“The other thing that we do here at PwC, which might come as no surprise, is we collect data, “ Aussem said. “We love data.”
Data collection surrounding DEI and how people identify is all voluntary, she explained.
“We have many different forms of surveys that allow our people to self-identify. We tried to be as broad and inclusive in language [as possible], to offer as many options that would really meet anybody where they're at,” she said.
Collecting internal data has paid off; for example, Aussem noted, PwC saw an increase in folks identifying as having a disability. When it comes to LGBTQ+ workers, veterans and other underrepresented groups, PwC is “very interested in knowing as much as we can to provide the best possible support,” she said. “ The more we can listen, the more we can offer avenues of support and community-building. That is absolutely something that employers can and should do.”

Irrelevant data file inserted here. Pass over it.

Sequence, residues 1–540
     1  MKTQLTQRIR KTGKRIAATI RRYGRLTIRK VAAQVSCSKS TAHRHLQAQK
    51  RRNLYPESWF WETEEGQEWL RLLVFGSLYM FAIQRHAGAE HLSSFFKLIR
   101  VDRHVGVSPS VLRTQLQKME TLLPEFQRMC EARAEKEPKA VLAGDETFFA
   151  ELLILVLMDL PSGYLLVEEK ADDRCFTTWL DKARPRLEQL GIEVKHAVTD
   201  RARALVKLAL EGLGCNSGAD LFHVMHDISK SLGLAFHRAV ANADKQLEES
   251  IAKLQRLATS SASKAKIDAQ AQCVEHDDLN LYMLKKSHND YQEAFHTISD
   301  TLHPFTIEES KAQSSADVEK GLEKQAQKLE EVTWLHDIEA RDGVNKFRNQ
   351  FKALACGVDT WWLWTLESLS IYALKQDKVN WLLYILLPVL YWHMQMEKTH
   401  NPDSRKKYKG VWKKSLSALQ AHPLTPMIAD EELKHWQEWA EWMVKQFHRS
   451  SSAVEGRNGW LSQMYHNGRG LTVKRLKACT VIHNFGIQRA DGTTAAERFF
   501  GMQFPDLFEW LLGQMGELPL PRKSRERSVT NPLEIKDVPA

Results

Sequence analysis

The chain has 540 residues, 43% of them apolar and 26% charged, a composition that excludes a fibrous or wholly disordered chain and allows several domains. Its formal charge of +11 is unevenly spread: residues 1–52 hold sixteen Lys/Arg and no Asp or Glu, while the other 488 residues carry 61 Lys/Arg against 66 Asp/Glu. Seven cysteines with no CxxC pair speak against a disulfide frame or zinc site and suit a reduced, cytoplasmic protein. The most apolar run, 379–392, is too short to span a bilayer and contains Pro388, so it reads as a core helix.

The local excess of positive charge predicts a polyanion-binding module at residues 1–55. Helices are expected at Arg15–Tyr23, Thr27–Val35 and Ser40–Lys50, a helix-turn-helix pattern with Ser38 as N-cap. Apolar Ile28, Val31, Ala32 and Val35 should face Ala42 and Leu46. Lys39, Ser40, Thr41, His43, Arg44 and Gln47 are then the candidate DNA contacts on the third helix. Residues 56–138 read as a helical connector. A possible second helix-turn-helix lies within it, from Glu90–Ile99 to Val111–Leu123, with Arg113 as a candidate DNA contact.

“The last thing I'll say is we can’t underestimate the importance of training,” Aussem added, explaining that the company launched an “inclusive mindset” badge for PwC workers last year.
“That's really aiming to help all of our PwC professionals build and practice inclusive mindsets and behaviors that foster trust. [These] are really critical to bringing out not only the best in our people, but ultimately our teams, so that we can serve our clients,” she said.
Overall, PwC’s approach to culture is three-pronged — training, what Aussem called “candid conversations” and veritable benefits. “That, again, comes with the values that we espouse around caring and working together, and reimagining what's possible,” she said.“It really has moved the needle on our culture becoming an even stronger culture of inclusion and belonging.”